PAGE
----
We are so excited to introduce you to one of our most enthusiastic Love Club hostesses who has been involved in our work to empower women from the start. Nghia is a Director of Marketing for a high-tech startup based in the Silicon Valley. She makes fresh juice every morning, works as a Barre3 fitness instructor in the evenings, and loves anything Christmas. Nghia is also a refugee. On the surface, you would never know about her difficult past, but the story of how she and her family came to America is one of hardship, perseverance, and success.
Nghia’s family fled from Vietnam after the war in 1982 when she was only 6 months old. They left in the middle of the night with no possessions other than the clothes on their backs. They jumped aboard a boat that had the capacity for hundreds, but held thousands. For these parents with three young children, that meant standing room only.
“There were five of us—my dad, mom, sister, brother, and me. Many did not survive the trip as the conditions were unsanitary and dangerous; and there was always a high probability that you would be captured by the North Vietnamese army and sent back to the country, arrested, and sentenced to hard labor.”
There was no food, no clean water, and no medicine on the boat. In these harsh conditions, six-month-old Nghia came down with fever. Because the risk of spreading disease was so high, anyone that died or was sick beyond the point of saving was thrown overboard to prevent the risk of disease to the other people on board. Other passengers noticed Nghia was ill and pressured her mother to let her go. But Nghia’s mom did not give in and she held onto her daughter even more tightly.
They finally reached Malaysia where they were sent to a refugee camp, nothing more than tents pitched on dirt. This is where Nghia and her family lived for approximately one year. They were later moved to a refugee camp in the Philippines where they remained for another six months. Eventually, Nghia’s aunt, who was living in Oklahoma at the time, worked very hard with her local church and was able to get her family a sponsorship to come to America.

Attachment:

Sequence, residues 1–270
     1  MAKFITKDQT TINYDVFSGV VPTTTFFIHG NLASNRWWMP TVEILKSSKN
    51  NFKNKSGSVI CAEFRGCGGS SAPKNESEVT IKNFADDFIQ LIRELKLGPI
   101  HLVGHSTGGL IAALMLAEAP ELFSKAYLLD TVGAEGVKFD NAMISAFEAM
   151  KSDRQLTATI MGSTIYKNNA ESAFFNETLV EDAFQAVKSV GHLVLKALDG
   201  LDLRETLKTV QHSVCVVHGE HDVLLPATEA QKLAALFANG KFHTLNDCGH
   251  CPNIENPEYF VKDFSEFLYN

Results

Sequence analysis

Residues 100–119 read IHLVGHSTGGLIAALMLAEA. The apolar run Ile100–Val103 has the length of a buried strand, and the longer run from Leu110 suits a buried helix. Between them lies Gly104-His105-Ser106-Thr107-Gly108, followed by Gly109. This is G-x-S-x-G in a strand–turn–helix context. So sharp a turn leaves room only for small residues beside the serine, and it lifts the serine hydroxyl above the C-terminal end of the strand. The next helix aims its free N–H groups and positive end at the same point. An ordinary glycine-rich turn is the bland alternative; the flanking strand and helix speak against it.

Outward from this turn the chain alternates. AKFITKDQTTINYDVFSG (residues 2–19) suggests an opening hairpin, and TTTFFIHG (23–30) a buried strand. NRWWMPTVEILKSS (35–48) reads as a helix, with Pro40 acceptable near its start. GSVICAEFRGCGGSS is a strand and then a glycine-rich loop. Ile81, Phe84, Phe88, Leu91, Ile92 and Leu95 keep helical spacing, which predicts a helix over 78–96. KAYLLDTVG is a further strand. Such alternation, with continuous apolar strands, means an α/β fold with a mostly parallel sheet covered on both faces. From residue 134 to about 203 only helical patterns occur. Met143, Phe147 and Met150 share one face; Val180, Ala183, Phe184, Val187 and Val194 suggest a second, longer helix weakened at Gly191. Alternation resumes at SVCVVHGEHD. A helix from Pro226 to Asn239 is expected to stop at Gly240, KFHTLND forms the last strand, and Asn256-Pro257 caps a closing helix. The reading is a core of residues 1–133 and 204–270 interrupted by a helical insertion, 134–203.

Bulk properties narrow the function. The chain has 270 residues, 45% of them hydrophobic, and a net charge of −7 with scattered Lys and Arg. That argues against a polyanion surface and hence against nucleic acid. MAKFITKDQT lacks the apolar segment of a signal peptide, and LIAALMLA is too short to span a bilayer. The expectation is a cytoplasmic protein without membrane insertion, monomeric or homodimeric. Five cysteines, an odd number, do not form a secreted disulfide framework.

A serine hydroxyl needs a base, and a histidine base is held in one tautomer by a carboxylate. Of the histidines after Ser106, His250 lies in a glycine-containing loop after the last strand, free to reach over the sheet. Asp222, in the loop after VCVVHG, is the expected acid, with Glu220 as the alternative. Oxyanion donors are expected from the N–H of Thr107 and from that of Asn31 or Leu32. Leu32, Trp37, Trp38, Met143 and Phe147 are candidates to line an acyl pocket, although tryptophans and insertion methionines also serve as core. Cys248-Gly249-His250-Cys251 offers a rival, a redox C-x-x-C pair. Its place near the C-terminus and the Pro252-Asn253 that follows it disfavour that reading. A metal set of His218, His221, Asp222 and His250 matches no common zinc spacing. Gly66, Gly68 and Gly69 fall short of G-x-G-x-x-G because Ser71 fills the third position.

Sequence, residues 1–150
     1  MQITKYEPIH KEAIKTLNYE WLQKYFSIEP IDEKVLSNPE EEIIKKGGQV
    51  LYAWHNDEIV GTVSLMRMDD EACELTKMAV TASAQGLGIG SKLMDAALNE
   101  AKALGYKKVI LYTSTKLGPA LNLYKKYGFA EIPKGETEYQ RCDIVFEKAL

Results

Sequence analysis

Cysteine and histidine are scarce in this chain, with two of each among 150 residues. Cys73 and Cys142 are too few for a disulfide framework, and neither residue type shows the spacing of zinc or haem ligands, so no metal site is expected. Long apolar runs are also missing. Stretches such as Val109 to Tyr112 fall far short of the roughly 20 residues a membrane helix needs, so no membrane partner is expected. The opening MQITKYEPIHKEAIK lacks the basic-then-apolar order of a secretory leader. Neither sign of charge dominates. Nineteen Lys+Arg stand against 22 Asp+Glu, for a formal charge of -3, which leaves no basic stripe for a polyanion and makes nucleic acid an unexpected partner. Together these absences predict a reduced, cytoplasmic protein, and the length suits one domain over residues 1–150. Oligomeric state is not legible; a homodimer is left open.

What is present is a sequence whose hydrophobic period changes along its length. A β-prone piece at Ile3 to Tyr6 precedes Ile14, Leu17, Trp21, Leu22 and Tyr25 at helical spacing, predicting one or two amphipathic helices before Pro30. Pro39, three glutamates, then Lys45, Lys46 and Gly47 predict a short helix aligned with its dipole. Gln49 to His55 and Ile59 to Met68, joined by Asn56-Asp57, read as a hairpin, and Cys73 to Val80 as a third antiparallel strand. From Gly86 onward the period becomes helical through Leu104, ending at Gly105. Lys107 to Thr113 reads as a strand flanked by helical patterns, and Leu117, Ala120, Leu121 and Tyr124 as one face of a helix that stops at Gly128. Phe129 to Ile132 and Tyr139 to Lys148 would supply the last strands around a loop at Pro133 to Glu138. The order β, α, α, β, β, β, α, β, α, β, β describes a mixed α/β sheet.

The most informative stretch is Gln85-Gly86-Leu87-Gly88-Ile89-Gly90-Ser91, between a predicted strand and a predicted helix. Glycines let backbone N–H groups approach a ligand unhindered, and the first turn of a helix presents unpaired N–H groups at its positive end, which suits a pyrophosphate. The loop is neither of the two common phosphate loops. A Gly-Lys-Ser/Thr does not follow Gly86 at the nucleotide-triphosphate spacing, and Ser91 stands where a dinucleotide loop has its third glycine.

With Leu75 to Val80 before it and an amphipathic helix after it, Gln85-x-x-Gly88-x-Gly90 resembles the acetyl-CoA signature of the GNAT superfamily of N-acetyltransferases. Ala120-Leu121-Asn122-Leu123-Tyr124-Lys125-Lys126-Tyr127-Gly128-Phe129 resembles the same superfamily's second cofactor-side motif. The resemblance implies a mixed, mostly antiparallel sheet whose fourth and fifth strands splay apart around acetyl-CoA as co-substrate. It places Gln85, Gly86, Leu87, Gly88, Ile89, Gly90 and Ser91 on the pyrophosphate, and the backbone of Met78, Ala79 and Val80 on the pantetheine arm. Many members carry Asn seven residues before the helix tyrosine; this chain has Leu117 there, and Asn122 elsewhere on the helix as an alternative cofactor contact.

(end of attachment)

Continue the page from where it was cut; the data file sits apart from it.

“When we finally arrived in America, the year was 1984. I was 2 years old and a healthy baby, too. Ronald Reagan was president and in 1986, he signed the amnesty bill for immigration reform. While this law was seen as an utter failure by his administration, this bill meant everything to us. It meant survival. It allowed us to stay, build a life, and thrive in America. In 1994, my family was officially and legally granted status as US citizens. I was 12 years old and no longer a green card holder, but forever a refugee.”
When Nghia learned about our current project with One Refugee Child, providing books to Syrian refugee children displaced in Turkey, she knew she had to be a part of it. We asked Nghia what this project means to her.
“Because of my own personal experience, the word ‘refugee’ has a profound meaning to me. It stands for a lot of pain and suffering but also a lot of perseverance and accomplishment—knowing that, through all the hardships, we made it. But it wasn’t without struggles: going to school in a country where you did not speak the language and living in a town where your skin color was dramatically different. We had to entrench ourselves in our education. The focus was to not be different, but to understand, to speak, to communicate—and to do so, we would read and learn. For these Syrian children, all they have are their hopes for a better future. They need to be given the tools to have a fighting chance, and nothing is more powerful than knowledge. While it is a small piece that I’m contributing, there was no way that I could sit by and do nothing.
Their story is my story.”
Nghia’s mother taught her that if you can help, you should.
“The Love Club model is simple: no rules, just get creative and act. I love it because you’re applying skills you already have in a way that helps others. As my mom always said, ‘We’re only here because of the goodness of others, so we have to pay it forward.’”
What an awesome privilege it is to have Nghia as part of the Somebody’s Mama community. We hope you will join us in providing education to Syrian refugees who are walking the road to a new life.